Despite the huge human and economic costs of the COVID pandemic, many commentators have observed that this disruption – or shock – to our resource-intensive daily lives could offer a catalyst for the great societal transformations necessary to meet the climate emergency.
Radical growth of home working is an oft-cited example. According to Office for National Statistics (ONS) figures 50% of those in employment did some work from home in April 2020. This mainstreaming of home working has been facilitated by the rapid appropriation of digital devices and services into our everyday lives. It has been accompanied by equally rapid development of cultural skills and competencies required to (collectively) use those devices and services in a satisfactory way. And has led to major adjustments in how we work but also how we shop, interact, use our homes, engage with our local communities, learn, care for others and so on.
|Home working during the pandemic, March 2020 (image: Simon Evans on Flickr)|
The question is whether these shifts could lead to systemic environmental gains. Is it an environmental ‘good’ or ‘bad’? As ever with academics, our answer is ‘it’s not straightforward...’, but when viewed from a systemic perspective it does offer an opportunity to re-imagine sustainable ways of life.
When considering the environmental impacts of any technology or practice, understanding will be shaped by the scope of the analysis: what is considered inside the system being studied and what is ignored. A narrow scope, focused only on the technological parts of the system, makes it more straightforward to quantify the results (such as a ‘carbon footprint’ of something) but means missing out the broader implications – such as how any technology interacts with diverse social practices. One approach to this problem is to consider different scopes for analysis that address the direct, indirect and systemic impacts of a technology. We apply this framing to home working to consider some possibilities.
Direct impacts are the environmental costs of constructing, using and disposing of a technology. Engineering methods, such as life cycle assessment (LCA) (or more colloquially, ‘carbon footprinting’) can be used to model the technology’s life cycle, systematically collect the relevant data and then apportion the ‘environmental burden’ to the different applications of that technology. In the case of digital home working, this will include the impacts of manufacturing the equipment used and providing the electricity to keep it operational: both the home laptops and Wi-Fi, but also a share of the networking equipment used to connect workers with their offices and each other, and the data centres used to power the applications they use. Accounting for this ‘hidden materiality’, and the large consumption of energy used by data centres, has led to some fearing that the impacts of digital home working are substantial. Applying University of Bristol models developed for digital services to video conferencing suggests that the truth is somewhere between the two. A ballpark estimate for the climate impact of a one-hour video conference, for example, would be about 50-100g CO2e depending on the setup used – roughly equivalent to driving 400-800m in a typical family car. This suggests that we should not let concerns about the direct environmental impact of digital services put us off a move to home working.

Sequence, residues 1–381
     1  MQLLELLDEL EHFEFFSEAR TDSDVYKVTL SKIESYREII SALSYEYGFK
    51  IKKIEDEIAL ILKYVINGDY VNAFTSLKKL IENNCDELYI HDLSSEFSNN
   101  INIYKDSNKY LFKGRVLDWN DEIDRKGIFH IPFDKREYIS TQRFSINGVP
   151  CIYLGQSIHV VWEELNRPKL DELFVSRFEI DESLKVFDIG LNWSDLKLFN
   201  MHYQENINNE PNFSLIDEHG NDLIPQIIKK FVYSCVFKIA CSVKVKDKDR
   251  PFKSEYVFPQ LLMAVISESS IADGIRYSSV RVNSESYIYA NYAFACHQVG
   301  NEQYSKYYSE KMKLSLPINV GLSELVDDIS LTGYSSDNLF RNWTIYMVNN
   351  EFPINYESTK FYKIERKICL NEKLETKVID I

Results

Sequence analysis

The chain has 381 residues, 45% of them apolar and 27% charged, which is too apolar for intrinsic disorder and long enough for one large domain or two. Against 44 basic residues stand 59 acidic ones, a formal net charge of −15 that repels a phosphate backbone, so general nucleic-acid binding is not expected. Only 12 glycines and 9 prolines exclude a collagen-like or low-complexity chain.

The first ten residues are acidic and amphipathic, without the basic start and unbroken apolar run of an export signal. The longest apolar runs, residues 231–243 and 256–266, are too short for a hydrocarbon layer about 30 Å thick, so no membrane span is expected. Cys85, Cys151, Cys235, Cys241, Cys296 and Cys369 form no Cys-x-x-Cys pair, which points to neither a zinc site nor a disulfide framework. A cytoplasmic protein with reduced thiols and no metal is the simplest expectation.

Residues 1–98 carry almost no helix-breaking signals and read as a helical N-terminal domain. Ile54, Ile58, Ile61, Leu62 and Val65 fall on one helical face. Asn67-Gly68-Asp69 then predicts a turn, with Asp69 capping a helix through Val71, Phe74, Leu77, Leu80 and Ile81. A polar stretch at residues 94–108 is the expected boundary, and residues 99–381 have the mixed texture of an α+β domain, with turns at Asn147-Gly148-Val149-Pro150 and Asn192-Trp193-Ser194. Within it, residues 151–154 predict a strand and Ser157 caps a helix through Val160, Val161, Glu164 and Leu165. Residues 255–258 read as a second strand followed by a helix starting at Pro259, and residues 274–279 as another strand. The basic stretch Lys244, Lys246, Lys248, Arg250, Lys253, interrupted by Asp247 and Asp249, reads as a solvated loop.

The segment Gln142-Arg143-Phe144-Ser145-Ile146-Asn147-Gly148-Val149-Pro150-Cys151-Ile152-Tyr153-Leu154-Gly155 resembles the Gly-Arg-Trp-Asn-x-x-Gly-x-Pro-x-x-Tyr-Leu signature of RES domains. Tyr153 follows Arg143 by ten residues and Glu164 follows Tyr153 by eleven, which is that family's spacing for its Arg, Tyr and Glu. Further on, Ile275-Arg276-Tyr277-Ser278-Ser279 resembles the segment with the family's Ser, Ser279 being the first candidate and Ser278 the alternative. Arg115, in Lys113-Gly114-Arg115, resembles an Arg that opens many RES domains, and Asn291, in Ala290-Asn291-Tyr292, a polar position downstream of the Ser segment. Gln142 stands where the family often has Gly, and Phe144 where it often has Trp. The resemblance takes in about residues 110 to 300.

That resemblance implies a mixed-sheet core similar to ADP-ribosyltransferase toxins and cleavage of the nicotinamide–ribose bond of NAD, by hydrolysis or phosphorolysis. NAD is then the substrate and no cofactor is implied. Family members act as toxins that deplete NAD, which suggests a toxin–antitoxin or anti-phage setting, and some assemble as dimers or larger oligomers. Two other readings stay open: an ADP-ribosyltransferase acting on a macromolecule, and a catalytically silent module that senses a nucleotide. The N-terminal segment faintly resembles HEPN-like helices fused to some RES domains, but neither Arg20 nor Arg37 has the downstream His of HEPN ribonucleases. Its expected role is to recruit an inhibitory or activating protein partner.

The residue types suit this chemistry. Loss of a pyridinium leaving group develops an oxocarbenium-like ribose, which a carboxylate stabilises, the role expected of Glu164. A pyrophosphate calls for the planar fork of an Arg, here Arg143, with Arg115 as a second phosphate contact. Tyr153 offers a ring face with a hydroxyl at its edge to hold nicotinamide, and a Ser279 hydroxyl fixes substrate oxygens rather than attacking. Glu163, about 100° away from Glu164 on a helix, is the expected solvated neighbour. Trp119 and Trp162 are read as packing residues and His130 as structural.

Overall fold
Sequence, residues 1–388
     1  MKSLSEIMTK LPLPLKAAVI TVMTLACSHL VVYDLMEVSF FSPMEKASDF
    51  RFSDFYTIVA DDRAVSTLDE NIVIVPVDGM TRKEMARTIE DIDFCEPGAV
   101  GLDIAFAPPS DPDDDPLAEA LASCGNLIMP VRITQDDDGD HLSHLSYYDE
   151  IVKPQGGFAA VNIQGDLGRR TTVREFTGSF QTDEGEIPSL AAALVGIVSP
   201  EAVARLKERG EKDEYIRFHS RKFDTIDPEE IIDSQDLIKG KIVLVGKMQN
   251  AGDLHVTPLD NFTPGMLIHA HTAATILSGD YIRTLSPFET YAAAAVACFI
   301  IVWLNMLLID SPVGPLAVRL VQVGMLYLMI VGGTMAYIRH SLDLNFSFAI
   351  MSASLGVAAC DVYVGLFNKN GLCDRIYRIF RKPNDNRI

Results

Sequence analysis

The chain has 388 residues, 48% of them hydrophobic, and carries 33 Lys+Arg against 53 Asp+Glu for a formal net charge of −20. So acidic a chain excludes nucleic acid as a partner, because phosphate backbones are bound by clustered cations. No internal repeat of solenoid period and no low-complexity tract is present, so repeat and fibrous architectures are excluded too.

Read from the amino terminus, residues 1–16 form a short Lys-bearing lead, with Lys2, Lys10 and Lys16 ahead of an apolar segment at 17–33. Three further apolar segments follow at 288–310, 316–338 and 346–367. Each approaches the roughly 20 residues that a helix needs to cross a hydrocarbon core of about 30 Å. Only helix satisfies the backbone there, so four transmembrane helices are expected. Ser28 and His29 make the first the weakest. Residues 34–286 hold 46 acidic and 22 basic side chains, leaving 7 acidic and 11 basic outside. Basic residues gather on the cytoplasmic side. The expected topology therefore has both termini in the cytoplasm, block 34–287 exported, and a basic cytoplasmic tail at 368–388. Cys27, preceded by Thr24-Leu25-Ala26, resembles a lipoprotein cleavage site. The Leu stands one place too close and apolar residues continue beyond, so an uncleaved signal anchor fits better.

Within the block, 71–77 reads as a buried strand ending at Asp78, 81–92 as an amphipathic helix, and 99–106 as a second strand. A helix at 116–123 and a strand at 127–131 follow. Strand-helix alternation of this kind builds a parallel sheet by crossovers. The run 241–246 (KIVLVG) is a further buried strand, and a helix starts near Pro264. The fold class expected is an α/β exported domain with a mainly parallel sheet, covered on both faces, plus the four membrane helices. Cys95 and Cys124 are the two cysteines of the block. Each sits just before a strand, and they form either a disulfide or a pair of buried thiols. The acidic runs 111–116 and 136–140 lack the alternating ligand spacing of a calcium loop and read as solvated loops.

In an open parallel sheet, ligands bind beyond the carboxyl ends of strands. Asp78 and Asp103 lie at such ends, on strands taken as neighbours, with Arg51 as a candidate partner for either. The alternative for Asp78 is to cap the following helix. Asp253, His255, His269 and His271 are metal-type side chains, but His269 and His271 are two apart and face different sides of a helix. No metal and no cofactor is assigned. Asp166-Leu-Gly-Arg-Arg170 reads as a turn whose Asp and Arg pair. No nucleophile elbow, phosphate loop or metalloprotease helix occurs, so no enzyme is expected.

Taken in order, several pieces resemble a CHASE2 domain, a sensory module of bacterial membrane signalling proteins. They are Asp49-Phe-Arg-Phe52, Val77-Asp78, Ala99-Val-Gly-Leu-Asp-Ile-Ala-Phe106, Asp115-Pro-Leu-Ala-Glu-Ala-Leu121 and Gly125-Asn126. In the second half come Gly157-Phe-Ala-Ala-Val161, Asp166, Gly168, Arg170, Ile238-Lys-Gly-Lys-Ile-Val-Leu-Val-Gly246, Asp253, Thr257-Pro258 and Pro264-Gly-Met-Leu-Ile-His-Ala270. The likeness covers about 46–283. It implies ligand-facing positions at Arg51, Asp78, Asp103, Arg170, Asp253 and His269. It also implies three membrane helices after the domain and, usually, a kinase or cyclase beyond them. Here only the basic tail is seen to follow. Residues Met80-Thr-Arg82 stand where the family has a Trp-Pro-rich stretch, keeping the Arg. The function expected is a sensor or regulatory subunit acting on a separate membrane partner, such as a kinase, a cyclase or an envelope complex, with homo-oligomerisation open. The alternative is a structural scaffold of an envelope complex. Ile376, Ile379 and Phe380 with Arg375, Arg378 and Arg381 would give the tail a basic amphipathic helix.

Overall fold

Indirect impacts are the environmental costs of changing social practices related to the digital service. What do people stop doing? What do they start doing? Again, LCA can be used to quantify these – but only if one understands the nature of these changes. Social science insights are essential here, both to identify what changes to practice might occur, and to collect the data to quantify the extent to which they change across diverse populations.
In the case of home working, the most obvious changes to practice are reduction in travel to work and decreases in energy use within workplaces. These two factors will potentially be substantially larger than the direct impacts of technology use – but will be more variable and harder to predict across the population. Reductions in heating and lighting in the workplace were, it would appear, largely offset by rises of domestic energy use (Hook et al., 2020). The most dramatic potential environmental savings are from the sharp reduction in commuting, with the Department for Transport reporting a 60% reduction in private car usage during 2020 and a 90% decline in the use of public transport. But even here we must consider a range of related indirect effects of the apparent immobility of people. During the same period, we witnessed a huge increase in online shopping as people ordered their goods for home delivery. The ONS shows that online retail sales increased from just under 19% of total retail sales in November 2019 to almost 40% within a year. Groceries, clothing, household products and takeaway foods saw the largest growth.